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Henri Dutilleux

Michel Debost | February 2012


   In 1972 EMI recording company invited three young soloists, who had been successful in recent competitions, to record a tribute album to Henri Dutilleux. The soloists were Kathleen Chastain, flute; Yves Poucel, oboe; and Jacques Delannoy, piano. The LP was to include Dutilleux’s Sonatine for flute and piano, the Oboe Sonata, and the Piano Sonata, Op. 1. Only the piano sonata had been given an opus number because Dutilleux had not deemed the two woodwind “Morceaux de Concours” worthy of them.
   Chastain, who had been my student and later my wife, had graduated from Jean-Pierre Rampal’s Conservatoire class. She was to record the Sonatine. At the recording session she played the Sonatine twice through and the producer decided that it was fine. Everyone was looking forward to a successful LP of these previously unrecorded instrumental works.  
   Soon after the recording session Kathleen saw Dutilleux at a concert. She told him I was playing the Sonatine in Alice Tully Hall in New York City and she was recording the Sonatine in Paris. Dutilleux, whom Kathleen and I knew quite well, was unaware of the project and became quite upset. He thought he had done a poor job in composing the Oboe Sonata and the flute Sonatine and did not want either piece recorded. Dutilleux was currently working with EMI and Rostro-povitch on a recording of his Cello Concerto, so he called EMI to hold off the pressing of the LP. 
   Henri Dutilleux is like that. He is a very shy man who is extremely critical of himself, and even more adamant about the quality of his own work. So, to everyone’s disappointment, the record was put on hold. The Sonatine was eventually released much later in a CD called Flute Passion
   January 2012 marked the ninety-sixth birthday of Henri Dutilleux. He was born into an artistic family and raised in Douai, the same city as Gaston Crunelle. Dutilleux always complained that he was a slow worker, which accounts for his relatively small catalog. In addition to a love of painting (his great grandfather was the 19th century painter Constant Dutilleux), he is extremely sensitive to poetry, which explains the titles of many of his works.
   He wrote most of his great pieces on commissions, many of them coming from orchestras in the United States. Métaboles (1964) was commissioned by the Cleveland Orchestra (George Szell, Music Director). It explores the transformation of a musical idea in a kind of Enigma Variations format but in a different stylistic context, of course. 
   Symphony #2 “Le Double” (1959) was commissioned by the Koussevitzky Foundation for the Boston Symphony (Charles Münch, Music Director). This symphony features a concertino group (one player from each section) in dialog with the larger symphony.
   His main works for soloist and orchestra are the fruit of commissions by great players. Isaac Stern commissioned L’arbre des songes (The Tree of Dreams) (1985) for violin and symphony orchestra. Jean-Pierre Rampal practically begged Dutilleux to write a piece for flute and orchestra, but unfortunately it never came to fruition. The best commission was by Mstislav Rostropovitch, “Tout un monde lointain…absent, presque défunt” (1970), (A whole world far away… absent almost dead), for cello and large orchestra. I was then a member of the Orchestre de Paris and I have a vivid memory of the premiere. Ah! To be witness to such a great musical moment!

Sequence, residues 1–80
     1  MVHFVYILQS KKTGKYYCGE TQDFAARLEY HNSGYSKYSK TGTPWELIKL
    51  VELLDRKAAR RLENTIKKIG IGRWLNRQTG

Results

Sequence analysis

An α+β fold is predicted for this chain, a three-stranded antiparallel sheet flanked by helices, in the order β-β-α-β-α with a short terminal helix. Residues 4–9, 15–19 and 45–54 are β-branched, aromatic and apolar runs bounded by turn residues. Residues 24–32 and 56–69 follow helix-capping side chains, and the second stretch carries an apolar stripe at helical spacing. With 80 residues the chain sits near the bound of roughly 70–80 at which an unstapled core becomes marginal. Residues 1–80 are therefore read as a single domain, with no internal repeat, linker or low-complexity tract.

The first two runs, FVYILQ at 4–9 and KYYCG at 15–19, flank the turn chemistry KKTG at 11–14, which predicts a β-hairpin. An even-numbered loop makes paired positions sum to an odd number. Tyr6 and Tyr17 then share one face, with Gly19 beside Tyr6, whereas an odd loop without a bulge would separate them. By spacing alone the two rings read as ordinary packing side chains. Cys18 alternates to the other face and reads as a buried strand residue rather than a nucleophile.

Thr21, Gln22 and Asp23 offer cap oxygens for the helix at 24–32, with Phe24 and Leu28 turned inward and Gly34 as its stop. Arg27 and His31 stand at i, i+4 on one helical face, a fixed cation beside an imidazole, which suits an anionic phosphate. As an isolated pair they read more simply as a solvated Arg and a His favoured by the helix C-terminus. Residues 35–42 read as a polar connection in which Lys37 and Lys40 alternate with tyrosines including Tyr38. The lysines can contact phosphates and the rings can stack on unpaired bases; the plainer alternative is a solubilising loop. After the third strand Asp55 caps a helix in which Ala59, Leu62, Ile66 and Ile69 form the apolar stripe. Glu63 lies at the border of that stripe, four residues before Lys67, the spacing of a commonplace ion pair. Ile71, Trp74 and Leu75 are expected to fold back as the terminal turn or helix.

In my opinion, the Sonatine is still one of the best 20th century works for flute, but I perhaps can explain why Dutilleux dislikes the work. One of the perks of the Prix de Rome, which Dutilleux won on the eve of WWII, was to receive commissions for the Morceaux de Concours. The problem with this was that it was restrained by certain formal, age-old traditions. The composition must be approximately 8-10 minutes in length, have a fast movement, a slow one, some détaché, some legato, and a cadenza. The Sonatine had to be composed in a month, in total secrecy, and premiered at the Concours. Henri Dutilleux, the slow writer, was running short of time. That is why he chose to repeat the first cadenza a half-step higher. He told Monsieur Crunelle and me that he disliked this expedient. He said that during the month he always planned to work on the Sonatine, and he never got around to it. The version we have today dates from 1943 and contains a few errors.
   There should be a very slight ritard before rehearsal 1, but none before rehearsal 3. In the finale, the scale in the 7th bar after 10 should be meno mosso. Finally, the last notes of the Sonatine, in spite of the written accents, are the culmination of the long final accelerando and should be given rush, not weight. No Brahms Symphony here!
   The movement that Henri Dutilleux claims to like and would have reworked is the first one. He was, at 27, still influenced by his artistic and poetic family. He says he had in mind a Cubist painting, where lines and volumes create tension instead of sensual figures.
   It is a mistake, in my view, to play the Sonatine like the Poulenc Sonata or even the Sancan Sonatine, with too much color change and rubato.